Reagan's casket, a Marsellus Masterpiece model, was carried by a military honor guard representing all branches of the United States Armed Forces into the lobby of the library to lie in repose. There, a brief family service was conducted by the Rev. Dr. Michael H. Wenning, former pastor of Bel Air Presbyterian Church, where Reagan worshipped. When the prayer service concluded, Nancy Reagan and her family approached the casket, where Mrs. Reagan laid her head on it. After the family left, the doors of the presidential library opened, and the public began filing in at a rate of 2,000 an hour throughout the night. In all, about 108,000 people visited the presidential library to see the casket.
Events in the capital began when Reagan's casket arrived at Andrews Air Force Base, Maryland. It was removed from the plane, driven by hearse in a procession through the Maryland and Virginia suburbs and the nation's capital, across the Memorial Bridge, and onto Constitution Avenue.
Just before the plane arrived at Andrews, the Capitol building was evacuated for a brief period, for a plane carrying Kentucky Governor Ernie Fletcher was off course and created a scare by entering restricted airspace; the incident was attributed to radio problems onboard the plane and did not affect funeral events.
Near the Ellipse, and within sight of the White House, the hearse halted and Reagan's body was transferred to a horse-drawn caisson for the procession down Constitution Avenue to Capitol Hill. Nancy Reagan stepped out of her limousine to witness the body's transfer; she was met with a warm greeting, including applause. The cortege began the 45 minute journey just after 6:00 PM EST, with the Reagan family following in limousines. Military units escorted the caisson as it made its way to the sounds of muffled drums. Behind the caisson was a riderless horse named Sergeant York, carrying Reagan's riding boots reversed in the stirrups. The caisson paused at 4th street and Constitution Avenue, where 21 Air Force F-15s flew over in missing man formation.
The caisson stopped when it arrived at Capitol Hill; military units removed it, and Hail to the Chief was played amidst a 21-gun salute. The casket was carried up the west front steps of the Capitol, mainly because Reagan was first inaugurated there and he wanted to face west, toward California. Two teams of military body bearers carried the coffin up the steps of the Capitol to Battle Hymn of the Republic.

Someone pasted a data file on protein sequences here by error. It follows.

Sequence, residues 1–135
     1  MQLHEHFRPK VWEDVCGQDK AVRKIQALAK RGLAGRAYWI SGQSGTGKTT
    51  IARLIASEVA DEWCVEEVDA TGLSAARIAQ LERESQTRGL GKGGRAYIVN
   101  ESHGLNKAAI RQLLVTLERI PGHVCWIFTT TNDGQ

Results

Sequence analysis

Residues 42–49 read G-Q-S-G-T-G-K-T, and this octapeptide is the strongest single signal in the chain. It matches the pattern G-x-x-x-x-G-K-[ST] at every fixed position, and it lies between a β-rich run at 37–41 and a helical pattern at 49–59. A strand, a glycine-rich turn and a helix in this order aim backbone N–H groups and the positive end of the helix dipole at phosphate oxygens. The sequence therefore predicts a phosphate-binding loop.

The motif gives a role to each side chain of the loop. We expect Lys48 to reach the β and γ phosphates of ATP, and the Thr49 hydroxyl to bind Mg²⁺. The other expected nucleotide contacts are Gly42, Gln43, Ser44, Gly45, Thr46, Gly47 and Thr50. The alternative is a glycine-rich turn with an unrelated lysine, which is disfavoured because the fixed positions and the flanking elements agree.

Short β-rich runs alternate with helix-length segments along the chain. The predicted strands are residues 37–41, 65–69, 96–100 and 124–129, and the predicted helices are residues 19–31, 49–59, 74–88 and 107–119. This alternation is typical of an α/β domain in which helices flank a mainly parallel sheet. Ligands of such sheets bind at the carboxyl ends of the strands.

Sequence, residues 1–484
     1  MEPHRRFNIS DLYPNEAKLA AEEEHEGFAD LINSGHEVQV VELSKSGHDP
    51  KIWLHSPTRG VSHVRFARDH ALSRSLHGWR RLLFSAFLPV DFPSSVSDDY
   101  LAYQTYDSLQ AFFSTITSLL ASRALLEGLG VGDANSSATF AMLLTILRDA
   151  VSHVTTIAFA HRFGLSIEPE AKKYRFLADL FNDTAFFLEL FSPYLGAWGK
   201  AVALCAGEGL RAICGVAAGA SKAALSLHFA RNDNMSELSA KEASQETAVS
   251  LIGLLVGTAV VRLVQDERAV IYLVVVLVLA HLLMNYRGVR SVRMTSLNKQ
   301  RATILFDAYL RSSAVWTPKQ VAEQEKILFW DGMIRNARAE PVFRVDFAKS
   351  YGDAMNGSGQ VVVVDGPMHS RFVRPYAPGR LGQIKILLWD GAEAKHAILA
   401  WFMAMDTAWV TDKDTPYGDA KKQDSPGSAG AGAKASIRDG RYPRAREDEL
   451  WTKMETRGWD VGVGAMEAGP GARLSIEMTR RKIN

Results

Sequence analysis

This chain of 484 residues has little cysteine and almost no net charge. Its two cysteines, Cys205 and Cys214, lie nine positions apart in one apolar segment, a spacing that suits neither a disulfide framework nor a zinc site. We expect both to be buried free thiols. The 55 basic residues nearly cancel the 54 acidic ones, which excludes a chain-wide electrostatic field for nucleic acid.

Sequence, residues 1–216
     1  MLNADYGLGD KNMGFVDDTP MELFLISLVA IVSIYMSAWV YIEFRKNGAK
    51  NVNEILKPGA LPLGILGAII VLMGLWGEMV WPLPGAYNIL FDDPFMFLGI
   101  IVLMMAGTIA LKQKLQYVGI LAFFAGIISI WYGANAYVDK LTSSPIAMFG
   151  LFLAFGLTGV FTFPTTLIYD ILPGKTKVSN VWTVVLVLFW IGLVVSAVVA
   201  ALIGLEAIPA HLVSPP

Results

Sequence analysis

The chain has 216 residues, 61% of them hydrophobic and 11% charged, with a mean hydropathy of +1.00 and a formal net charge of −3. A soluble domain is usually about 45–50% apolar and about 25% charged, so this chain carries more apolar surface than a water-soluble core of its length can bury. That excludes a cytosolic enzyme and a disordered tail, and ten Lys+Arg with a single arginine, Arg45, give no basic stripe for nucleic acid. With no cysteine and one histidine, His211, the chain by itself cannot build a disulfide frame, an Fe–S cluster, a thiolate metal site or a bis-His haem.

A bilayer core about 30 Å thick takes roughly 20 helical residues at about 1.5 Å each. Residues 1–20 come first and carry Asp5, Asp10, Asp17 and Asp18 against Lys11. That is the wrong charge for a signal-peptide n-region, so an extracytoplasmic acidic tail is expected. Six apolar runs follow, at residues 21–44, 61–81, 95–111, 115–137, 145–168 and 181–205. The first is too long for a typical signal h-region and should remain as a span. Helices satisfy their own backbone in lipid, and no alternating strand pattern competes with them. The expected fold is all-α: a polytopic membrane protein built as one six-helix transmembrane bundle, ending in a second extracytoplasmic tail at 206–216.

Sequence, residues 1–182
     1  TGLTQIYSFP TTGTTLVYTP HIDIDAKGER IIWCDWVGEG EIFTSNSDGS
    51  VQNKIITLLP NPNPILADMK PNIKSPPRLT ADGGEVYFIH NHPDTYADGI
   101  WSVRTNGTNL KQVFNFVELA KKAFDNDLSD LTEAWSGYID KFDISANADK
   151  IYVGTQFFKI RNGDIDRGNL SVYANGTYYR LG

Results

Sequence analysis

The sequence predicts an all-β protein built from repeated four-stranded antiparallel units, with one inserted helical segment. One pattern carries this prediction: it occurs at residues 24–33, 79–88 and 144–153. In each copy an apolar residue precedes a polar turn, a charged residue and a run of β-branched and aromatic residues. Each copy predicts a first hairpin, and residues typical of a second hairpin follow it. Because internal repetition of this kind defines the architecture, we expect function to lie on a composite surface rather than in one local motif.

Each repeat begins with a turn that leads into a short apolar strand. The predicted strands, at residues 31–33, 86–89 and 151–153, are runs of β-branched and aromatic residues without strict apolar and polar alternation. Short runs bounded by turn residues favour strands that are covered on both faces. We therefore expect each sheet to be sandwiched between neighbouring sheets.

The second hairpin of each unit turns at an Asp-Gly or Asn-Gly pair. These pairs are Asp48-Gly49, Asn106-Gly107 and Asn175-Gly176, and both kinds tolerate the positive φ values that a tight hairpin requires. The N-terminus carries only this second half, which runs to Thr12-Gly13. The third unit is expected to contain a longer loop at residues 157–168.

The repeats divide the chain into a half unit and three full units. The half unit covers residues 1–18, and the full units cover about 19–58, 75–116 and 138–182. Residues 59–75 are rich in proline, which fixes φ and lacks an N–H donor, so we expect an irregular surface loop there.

When the casket reached the top of the steps, Nancy Reagan and her military escort met it. As the casket passed them, Mrs. Reagan momentarily pulled away from her escort, reached out, and touched the casket. They followed it inside to the rotunda.
The casket was placed under the rotunda, where it lay in state on Abraham Lincoln's catafalque. An evening memorial service then took place, with dignitaries primarily composed of Congressional members, members of the United States Supreme Court, and the diplomatic corps; the Reverend Daniel Coughlin, Chaplain of the House of Representatives, gave the invocation. Eulogies were then delivered by Senate President pro tempore Ted Stevens, House Speaker Dennis Hastert, and Vice President Dick Cheney.
After the eulogies, the three speakers each laid a wreath at the casket, and Senate Chaplain, the Reverend Barry Black, gave the benediction. Cheney escorted Mrs. Reagan to the casket, where she said her goodbyes. The dignitaries in the room paid their respects during the next half hour. In a rare instance, the doors of the Capitol were then opened to the public, who stood in lines stretching many blocks to view the casket.
After returning to Washington following the G-8 Summit, President George W. Bush and First Lady Laura Bush visited the rotunda to pay their respects. Many world leaders did the same, including interim Iraqi President Ghazi al-Yawer, former Soviet leader Mikhail Gorbachev, former Polish president Lech Wałęsa, and former British Prime Minister Margaret Thatcher.
While Reagan's casket lay in state, Nancy Reagan and her family took up temporary residence in Blair House, the official residence of guests of the President of the United States. There, she was greeted by additional dignitaries and public figures. During a visit from Margaret Thatcher, the former Prime Minister wrote in the Blair House condolence book, "To Ronnie, Well done, thou good and faithful servant."